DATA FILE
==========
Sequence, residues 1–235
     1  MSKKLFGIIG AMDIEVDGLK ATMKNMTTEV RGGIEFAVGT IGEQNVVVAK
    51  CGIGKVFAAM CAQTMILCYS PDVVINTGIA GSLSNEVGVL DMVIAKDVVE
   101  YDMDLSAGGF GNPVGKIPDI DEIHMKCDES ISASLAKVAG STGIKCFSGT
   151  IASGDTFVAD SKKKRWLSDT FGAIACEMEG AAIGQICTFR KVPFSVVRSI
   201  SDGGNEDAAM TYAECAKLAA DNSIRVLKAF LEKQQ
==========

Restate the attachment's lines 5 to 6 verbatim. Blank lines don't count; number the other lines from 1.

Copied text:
   151  IASGDTFVAD SKKKRWLSDT FGAIACEMEG AAIGQICTFR KVPFSVVRSI
   201  SDGGNEDAAM TYAECAKLAA DNSIRVLKAF LEKQQ